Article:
"A country that has 52 nuclear plants and gets one third of its energy from nuclear power can't afford to be lax, but Japan's industry has been plagued by accidents, plant shutdowns, leaks and repeated attempts to cover things up," says TIME Tokyo bureau chief Tim Larimer. "Although the earlier incidents provoked a major shakeup in the administration of Japan's nuclear regulatory agencies, they still seem to escape adequate scrutiny." Obuchi has plenty of incentive to be perceived as getting tough — he wants a public whose confidence in nuclear safety has been considerably diminished to accept the building of 20 more nuclear reactors over the next decade.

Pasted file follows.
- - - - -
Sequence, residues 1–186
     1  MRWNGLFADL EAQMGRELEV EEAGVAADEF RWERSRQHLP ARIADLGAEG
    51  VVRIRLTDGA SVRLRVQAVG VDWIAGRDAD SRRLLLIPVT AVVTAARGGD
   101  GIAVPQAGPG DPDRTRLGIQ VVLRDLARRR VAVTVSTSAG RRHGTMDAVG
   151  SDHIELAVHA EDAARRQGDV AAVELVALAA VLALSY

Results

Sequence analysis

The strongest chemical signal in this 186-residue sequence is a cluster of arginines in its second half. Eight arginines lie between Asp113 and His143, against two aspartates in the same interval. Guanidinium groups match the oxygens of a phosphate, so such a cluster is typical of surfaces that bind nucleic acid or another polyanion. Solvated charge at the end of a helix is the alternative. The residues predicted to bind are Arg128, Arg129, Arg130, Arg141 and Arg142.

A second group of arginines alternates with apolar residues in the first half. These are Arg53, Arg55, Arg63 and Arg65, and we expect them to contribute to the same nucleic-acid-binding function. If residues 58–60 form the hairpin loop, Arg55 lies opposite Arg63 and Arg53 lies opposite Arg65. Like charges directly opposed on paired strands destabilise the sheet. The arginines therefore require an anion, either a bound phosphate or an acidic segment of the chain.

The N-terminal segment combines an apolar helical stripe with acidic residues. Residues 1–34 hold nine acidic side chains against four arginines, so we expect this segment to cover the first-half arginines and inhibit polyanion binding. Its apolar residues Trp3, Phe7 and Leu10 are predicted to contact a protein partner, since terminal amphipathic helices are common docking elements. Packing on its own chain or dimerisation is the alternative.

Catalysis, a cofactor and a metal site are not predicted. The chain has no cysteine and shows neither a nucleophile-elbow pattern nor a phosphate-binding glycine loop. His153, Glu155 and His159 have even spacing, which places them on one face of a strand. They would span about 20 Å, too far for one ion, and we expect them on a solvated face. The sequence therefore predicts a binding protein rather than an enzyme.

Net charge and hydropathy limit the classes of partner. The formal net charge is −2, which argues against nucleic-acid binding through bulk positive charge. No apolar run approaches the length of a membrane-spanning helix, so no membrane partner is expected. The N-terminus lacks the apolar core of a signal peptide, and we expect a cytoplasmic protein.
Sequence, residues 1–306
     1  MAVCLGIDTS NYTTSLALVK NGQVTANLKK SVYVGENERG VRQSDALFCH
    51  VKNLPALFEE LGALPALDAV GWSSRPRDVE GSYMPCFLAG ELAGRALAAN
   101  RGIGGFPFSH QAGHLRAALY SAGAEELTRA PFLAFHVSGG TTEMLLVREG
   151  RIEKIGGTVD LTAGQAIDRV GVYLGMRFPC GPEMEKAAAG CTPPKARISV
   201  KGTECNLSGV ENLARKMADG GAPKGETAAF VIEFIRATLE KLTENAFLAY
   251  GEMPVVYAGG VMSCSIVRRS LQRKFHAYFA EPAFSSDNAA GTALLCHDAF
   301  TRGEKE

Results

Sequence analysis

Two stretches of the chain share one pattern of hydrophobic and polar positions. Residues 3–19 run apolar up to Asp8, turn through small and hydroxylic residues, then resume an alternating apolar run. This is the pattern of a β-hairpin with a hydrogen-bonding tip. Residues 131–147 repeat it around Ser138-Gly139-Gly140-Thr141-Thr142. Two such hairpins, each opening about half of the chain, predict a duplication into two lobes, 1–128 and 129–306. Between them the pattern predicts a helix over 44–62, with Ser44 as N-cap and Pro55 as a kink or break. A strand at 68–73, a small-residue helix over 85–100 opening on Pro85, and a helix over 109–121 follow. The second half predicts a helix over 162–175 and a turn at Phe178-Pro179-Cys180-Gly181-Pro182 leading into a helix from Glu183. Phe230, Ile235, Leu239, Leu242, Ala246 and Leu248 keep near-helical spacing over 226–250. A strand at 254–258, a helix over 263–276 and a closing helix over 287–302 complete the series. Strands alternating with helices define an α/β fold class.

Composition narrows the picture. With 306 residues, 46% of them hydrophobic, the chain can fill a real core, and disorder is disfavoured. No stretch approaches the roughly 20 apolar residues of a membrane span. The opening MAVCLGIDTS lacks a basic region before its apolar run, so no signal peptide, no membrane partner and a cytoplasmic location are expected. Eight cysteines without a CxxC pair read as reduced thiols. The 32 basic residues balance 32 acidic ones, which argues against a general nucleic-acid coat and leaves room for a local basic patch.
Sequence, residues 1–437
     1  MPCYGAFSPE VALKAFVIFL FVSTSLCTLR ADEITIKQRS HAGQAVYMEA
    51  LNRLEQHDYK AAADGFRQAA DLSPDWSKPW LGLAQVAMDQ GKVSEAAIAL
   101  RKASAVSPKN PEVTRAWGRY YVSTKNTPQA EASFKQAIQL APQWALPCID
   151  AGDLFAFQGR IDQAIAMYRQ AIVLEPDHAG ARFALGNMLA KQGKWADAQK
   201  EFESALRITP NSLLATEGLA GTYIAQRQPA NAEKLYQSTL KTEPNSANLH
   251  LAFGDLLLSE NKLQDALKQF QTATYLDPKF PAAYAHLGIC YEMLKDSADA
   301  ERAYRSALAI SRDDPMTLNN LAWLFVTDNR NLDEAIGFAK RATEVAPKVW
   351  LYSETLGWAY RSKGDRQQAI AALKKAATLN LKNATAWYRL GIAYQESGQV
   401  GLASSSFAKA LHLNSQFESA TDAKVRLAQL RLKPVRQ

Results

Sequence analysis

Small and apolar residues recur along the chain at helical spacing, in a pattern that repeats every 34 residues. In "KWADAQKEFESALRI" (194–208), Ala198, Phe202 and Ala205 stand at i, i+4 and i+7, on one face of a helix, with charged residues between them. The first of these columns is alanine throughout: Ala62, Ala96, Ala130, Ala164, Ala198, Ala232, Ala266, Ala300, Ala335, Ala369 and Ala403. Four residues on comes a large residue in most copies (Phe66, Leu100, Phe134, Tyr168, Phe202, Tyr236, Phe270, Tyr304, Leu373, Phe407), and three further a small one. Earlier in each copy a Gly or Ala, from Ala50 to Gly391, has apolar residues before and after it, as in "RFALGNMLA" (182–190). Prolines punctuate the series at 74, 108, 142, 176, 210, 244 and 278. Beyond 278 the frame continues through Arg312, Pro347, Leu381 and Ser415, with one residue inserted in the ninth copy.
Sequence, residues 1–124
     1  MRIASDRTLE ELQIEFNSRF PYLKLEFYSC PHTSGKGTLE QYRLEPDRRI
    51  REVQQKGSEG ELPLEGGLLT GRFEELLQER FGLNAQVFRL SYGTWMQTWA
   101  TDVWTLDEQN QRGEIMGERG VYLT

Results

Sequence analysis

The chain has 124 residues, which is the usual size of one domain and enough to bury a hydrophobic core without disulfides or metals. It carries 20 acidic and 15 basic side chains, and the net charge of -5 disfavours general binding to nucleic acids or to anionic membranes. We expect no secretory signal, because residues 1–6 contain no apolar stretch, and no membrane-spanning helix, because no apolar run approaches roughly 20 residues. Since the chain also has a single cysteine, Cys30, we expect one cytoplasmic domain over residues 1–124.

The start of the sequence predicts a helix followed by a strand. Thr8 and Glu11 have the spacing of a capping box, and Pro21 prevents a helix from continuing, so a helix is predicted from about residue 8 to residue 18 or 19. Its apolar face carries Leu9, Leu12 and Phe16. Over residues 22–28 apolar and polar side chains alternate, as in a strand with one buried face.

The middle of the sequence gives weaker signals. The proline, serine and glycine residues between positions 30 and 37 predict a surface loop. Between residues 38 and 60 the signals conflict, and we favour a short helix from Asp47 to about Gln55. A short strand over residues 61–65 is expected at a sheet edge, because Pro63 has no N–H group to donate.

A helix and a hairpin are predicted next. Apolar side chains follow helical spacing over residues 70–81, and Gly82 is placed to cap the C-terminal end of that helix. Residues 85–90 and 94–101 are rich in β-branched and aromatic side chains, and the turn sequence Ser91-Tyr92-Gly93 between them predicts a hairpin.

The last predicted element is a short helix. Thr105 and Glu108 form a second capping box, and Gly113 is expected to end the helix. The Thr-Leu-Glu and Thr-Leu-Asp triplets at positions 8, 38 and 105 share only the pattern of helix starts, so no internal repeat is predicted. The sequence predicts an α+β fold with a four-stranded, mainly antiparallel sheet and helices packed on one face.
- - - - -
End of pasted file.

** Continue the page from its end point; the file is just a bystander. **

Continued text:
The barn door is finally being bolted. On Wednesday, more than 100 Japanese police officers swooped down on the nuclear facility near Tokyo that was the scene last week of the country's worst-ever atomic accident. Meanwhile, the government was reportedly planning to revoke the license of the JCO company, which runs the Tokaimura plant. The criminal investigation stems from the fact that the accident — reportedly caused by eight times the normal amount of uranium being added to a chemical mix — occurred when workers were following a safety manual illegally revised by the company to allow the transfer of nuclear material in buckets. Prime Minister Keizo Obuchi visited the Tokaimura site Wednesday, calling for a "tough and th orough" investigation. His government has been strongly criticized for reacting sluggishly the crisis — as have the plant's managers, who reportedly spent 45 minutes filling in an accident report form before alerting the public to the radiation emergency.